I got really into Hogg’s fit technique and what he was saying years later which blew out all the old formulas. For awhile after that, I was helping fit my teammates or friends loosely based on our understanding of his theories. Most people were set up with KOPS and then we worked from there for the changes, sometimes not much change but others were pretty significant. I think just about everyone was happier and ended up with far less hand numbing or back pain, and after about 30-60 days with the new fit, most showed more power. My changes let me complete a couple Hundos on the mtb and some really long days backpacking without hand or back pain, something I always suffered with the old fit charts.
I remember reading Lemond’s description about Italians back in the day setting cleat position, pretty much slammed the cleats all the way back and called it good. Funny how we are almost back to that.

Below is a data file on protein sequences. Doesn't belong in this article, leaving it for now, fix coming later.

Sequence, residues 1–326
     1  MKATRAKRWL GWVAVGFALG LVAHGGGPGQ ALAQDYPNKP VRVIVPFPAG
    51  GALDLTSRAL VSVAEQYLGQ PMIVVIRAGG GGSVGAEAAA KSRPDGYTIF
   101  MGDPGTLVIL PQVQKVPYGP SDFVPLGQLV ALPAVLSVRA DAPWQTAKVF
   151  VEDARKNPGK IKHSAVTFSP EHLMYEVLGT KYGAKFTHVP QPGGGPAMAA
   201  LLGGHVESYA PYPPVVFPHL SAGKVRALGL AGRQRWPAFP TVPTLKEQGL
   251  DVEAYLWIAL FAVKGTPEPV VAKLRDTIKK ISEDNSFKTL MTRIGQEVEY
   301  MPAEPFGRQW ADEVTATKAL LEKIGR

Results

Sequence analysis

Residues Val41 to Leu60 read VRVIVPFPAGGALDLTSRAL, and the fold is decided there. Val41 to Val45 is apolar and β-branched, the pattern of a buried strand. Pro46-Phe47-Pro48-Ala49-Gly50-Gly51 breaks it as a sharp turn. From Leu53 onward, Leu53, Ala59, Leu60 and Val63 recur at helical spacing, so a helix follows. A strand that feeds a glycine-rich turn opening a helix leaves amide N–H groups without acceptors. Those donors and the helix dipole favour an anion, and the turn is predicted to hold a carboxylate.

Similarly, a mountain biking friend of mine paid a triathlon shop over $200 for a fitting that mostly considered his hip angle; with a mountain bike height front end, they sourced a seatpost with several inches of layback to give him a triathlete's hip angle.
I'm not saying all fit formulae are nonsense built from coincidental relationships that only work for people in the middle of the bell curve ... just most of them!
Its true though, on the flats its not as comfortable. When pulling my kids around in the trailer on neighborhood streets, or when some of my trails require riding on a road for a bit there is more weight on my hands than I would like. HOWEVER, most of my trails (the fun ones anyways) are winch up and drop down. Steep STA shine the best in this type of terrain.